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'The Ladies Diary': A True Mathematical Treasure

Frank J. Swetz (Pennsylvania State University)


Since 2008, Convergence has carried the feature “Mathematical Treasures.” This is a large collection, an archive, of images connected to the history of mathematics: its development, documentation, use, learning, and teaching. It has been assembled with several goals in mind, principally:

  • to provide visual materials that can be used in mathematics instruction,
  • to call attention to the rich variety of resources about and from the history of mathematics and where they might be obtained and explored further, and  
  • lastly, to attract researchers whose work could extend the impact and meanings of these objects.

Occasionally, members of the mathematical community have challenged the intent and richness of this collection with such objections as, "Whose treasures are they? I see no value in looking at a mathematical diagram in an old book." Such utterances are unfortunate, and I would advise the speaker to look, and see, more carefully. I believe anyone who loves mathematics can find a personally meaningful piece of mathematical history or heritage among Convergence's collection of hundreds of mathematical treasures. And if not, there are many other sources! Seeking out and recognizing mathematical treasures is an adventure in which anyone can participate, especially in this age of freely accessible digital archives and of greater leeway in personal camera use in libraries, archives, and museums.

Figure 1. Cover of 1740 issue of The Ladies Diary, or Woman's Almanack, featuring a portrait of Caroline, Queen Consort of King George II from 1727 until her death in 1737. From the start, to further attract women readers, its editors displayed on its cover pictures of prominent English women, most often reigning queens, as well as slogans offering genteel and patriotic praise for women. By 1740, editors praised both the "charms" and "wit" of women. (Source: Princeton University Library via Google Books)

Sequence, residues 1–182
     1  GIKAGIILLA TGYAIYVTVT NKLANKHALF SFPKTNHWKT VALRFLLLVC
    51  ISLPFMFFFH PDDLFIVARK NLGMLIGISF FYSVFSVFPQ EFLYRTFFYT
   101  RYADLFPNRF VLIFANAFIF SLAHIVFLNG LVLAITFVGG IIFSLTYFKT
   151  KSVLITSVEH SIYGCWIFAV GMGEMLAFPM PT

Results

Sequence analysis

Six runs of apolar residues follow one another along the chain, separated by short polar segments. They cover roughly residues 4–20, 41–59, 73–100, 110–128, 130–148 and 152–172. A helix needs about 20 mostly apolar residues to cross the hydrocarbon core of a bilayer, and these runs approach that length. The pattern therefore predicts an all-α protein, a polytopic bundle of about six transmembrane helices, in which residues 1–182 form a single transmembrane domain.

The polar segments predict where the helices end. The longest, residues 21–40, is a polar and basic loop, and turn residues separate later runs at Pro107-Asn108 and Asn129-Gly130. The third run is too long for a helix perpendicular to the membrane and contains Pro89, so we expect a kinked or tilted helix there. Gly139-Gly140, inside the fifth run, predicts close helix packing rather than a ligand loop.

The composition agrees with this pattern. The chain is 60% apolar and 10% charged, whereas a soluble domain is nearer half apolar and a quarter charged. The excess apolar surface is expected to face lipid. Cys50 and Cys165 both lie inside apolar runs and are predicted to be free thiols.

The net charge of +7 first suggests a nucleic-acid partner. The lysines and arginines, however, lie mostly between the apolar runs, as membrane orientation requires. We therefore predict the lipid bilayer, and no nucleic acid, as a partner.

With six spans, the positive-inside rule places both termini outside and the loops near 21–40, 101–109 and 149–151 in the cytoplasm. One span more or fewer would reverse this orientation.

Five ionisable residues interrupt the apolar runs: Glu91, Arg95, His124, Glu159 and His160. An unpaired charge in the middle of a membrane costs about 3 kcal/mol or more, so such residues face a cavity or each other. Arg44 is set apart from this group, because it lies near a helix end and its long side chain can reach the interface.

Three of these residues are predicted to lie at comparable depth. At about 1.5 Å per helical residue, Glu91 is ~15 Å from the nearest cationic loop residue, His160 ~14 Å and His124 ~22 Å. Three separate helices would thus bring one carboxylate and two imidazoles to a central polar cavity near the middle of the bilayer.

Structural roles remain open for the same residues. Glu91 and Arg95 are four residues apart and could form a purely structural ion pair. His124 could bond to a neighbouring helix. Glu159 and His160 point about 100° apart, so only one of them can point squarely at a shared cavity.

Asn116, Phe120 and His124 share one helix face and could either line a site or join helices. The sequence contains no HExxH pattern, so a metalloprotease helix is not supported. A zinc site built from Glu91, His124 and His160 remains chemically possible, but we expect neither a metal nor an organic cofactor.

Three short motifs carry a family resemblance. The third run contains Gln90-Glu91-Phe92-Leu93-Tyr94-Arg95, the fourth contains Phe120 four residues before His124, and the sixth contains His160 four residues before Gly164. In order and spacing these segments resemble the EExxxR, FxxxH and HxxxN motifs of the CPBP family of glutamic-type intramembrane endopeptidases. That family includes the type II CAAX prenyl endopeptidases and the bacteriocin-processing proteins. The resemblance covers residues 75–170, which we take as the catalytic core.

A recent treasure that I have discovered will, upon examination, raise little objection to its mathematical value. This is The Ladies Diary, or the Womans Almanack, a periodical published in England from 1704 to 1841. Despite its strange name and, by modern standards, grammatically incorrect spelling and punctuation, this modest 40-page annual was a milestone in the history of modern mathematics education. The Diary’s historical uniqueness and importance is supported by several facts:

  1. It was one of the first English language publications devoted to women.
  2. Women readers instigated and focused its content direction toward mathematics and problem solving.
  3. Through this almanac, women demonstrated both their interest and ability in mathematics at a time and within a culture in which mathematics was a “male activity.”
  4. Its popularity, surviving in a very competitive market for over 100 years, 1704–1840, is a testimony to its value and sustained interest.
  5. The Diary was a precursor to the formal scientific journal.
  6. The Diary became a model to be actively emulated by an extended series of other periodicals promoting mathematical problem solving.
  7. The evolution of mathematical interests demonstrated over the lifetime of the publication paralleled the mathematical movements taking place in England.
  8. Mathematically significant personages, both editors and correspondents, were involved in its development.

Frank J. Swetz (Pennsylvania State University), "'The Ladies Diary': A True Mathematical Treasure," Convergence (August 2018), DOI:10.4169/convergence20180827